The Meaning and History of Ecumenism

Ecumenism, from the Greek word “oikoumene,” meaning “the whole inhabited world,” is the promotion of cooperation and unity among Christians. The Ecumenical movement today has been brought about by the conviction that a divided Christianity is a scandal to the world.

Underlying the Catholic Church’s pursuit of ecumenism is its recognition that elements of sanctification and truth are found in other churches (Second Vatican Council, Lumen Gentium 8). 

It can be said that the Ecumenicity of the Church is another way of expressing her radical catholicity or universality (See Guidelines for Lutheran-Roman Catholic Dialogue 1967).

Since the 1960’s, following Vatican II, breakthrough agreements have been reached between Catholics and other communions including statements on Baptism, Eucharist, and Ministry.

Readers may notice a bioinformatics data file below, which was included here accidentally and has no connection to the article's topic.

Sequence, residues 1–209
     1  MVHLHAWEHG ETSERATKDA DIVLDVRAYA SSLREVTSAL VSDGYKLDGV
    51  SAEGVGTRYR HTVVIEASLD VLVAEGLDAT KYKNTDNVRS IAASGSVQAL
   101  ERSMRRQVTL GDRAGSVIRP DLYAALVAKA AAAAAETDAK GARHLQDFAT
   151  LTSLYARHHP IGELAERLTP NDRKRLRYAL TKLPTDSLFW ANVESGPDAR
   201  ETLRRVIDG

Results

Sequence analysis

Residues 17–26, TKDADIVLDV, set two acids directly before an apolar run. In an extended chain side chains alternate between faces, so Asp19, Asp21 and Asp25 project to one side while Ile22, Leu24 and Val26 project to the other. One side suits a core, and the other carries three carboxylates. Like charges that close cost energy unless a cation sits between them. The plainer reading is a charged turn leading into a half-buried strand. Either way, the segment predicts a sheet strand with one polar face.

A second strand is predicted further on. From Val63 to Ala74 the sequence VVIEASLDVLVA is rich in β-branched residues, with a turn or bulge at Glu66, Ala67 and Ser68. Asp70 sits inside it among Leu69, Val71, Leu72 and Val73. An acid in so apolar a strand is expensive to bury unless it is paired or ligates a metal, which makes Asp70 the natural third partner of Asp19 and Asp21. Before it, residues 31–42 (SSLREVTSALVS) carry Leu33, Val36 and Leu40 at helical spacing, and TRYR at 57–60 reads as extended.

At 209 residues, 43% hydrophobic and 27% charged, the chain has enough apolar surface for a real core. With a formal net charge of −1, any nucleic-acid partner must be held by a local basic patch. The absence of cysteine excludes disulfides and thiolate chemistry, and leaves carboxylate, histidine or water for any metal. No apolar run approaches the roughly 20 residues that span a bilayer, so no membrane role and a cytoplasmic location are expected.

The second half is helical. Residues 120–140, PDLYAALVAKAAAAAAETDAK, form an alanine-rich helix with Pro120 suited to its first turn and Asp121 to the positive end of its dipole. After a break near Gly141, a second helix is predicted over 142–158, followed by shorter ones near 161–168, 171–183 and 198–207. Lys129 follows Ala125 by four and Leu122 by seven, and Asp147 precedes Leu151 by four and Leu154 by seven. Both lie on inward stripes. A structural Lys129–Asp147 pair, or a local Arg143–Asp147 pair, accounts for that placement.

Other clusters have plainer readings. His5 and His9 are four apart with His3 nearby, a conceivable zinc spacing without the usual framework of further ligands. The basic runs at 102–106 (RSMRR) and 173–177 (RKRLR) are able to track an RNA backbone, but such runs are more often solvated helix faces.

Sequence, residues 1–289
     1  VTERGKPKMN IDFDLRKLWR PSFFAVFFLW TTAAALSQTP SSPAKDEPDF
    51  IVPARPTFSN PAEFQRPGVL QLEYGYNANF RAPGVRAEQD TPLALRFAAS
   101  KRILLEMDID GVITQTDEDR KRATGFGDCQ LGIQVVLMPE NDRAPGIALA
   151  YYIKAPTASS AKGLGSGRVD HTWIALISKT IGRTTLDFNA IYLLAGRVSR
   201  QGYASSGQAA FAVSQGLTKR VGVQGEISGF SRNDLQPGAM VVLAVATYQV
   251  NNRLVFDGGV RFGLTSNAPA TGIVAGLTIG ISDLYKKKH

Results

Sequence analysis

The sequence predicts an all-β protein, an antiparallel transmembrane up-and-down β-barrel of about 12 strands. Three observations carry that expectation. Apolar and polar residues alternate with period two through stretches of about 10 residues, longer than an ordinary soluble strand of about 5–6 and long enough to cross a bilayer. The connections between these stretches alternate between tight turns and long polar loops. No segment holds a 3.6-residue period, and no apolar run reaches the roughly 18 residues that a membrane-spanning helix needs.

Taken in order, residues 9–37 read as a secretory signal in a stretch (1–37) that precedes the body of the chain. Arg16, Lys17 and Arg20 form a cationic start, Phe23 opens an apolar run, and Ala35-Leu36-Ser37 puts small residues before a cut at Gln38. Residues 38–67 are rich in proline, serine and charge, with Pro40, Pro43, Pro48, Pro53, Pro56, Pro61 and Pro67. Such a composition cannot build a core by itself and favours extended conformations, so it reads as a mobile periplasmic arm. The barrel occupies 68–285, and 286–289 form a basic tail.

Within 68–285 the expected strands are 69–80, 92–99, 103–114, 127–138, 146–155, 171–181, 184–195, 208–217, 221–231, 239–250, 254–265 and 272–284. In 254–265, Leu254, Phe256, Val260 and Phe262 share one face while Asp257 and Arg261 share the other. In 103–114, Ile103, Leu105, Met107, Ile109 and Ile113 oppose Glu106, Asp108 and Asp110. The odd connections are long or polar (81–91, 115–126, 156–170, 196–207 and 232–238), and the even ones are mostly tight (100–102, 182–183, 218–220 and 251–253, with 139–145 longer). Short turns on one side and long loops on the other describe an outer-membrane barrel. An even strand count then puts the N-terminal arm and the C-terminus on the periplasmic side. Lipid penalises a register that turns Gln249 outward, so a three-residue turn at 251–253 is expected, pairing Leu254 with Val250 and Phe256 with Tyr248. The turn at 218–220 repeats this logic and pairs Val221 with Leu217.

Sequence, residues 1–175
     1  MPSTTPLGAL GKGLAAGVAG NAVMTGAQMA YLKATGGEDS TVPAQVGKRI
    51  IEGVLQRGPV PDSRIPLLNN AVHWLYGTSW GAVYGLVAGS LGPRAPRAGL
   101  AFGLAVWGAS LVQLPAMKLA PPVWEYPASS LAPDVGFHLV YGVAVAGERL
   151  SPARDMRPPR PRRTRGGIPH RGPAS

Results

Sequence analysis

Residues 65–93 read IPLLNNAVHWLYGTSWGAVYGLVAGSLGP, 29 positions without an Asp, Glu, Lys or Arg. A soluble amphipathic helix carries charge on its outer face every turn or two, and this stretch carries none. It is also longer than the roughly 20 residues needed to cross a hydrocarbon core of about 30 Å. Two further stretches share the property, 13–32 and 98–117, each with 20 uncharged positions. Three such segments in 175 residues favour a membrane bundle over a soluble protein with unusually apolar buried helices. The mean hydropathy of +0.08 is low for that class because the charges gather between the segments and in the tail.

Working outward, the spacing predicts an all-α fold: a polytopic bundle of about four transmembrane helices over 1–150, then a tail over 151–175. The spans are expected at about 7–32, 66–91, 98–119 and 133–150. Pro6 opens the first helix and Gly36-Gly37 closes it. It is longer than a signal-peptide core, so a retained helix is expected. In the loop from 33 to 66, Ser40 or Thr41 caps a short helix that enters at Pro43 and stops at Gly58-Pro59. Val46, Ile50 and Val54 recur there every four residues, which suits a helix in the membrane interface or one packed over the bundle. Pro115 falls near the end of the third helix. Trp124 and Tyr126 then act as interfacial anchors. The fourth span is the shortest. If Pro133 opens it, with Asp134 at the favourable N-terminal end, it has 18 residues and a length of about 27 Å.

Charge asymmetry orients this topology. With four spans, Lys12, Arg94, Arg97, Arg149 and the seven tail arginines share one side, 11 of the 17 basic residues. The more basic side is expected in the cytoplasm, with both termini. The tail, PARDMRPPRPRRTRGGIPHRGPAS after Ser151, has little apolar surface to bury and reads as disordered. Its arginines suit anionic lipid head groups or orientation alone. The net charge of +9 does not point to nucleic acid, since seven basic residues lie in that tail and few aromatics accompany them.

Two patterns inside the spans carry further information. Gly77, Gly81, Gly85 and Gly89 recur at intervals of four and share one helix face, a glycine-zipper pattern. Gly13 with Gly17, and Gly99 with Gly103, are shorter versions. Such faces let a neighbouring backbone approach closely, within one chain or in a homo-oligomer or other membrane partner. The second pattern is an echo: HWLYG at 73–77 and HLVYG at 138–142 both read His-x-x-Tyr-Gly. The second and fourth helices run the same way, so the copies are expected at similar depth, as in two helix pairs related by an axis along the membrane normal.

More from the USCCB:

Vatican II Documents on Ecumenism

Ecumenical Commission:

Purpose: To join with Orthodox and Protestant Christians in order to pray, study and work together for church unity. Services include acting as consultant to parishes in matters of church unity and interfaith concerns.

Ecumenical Officer

Rev. Anthony Lackland
Christ the King Catholic Church
8017 Preston Rd.
Dallas, TX 75225
(214) 365-1200

Lynn Rossol
Office of the Chief Operating Officer / Bishop's Office

Bishop's Delegate for Ecumenism and Legislative Advocacy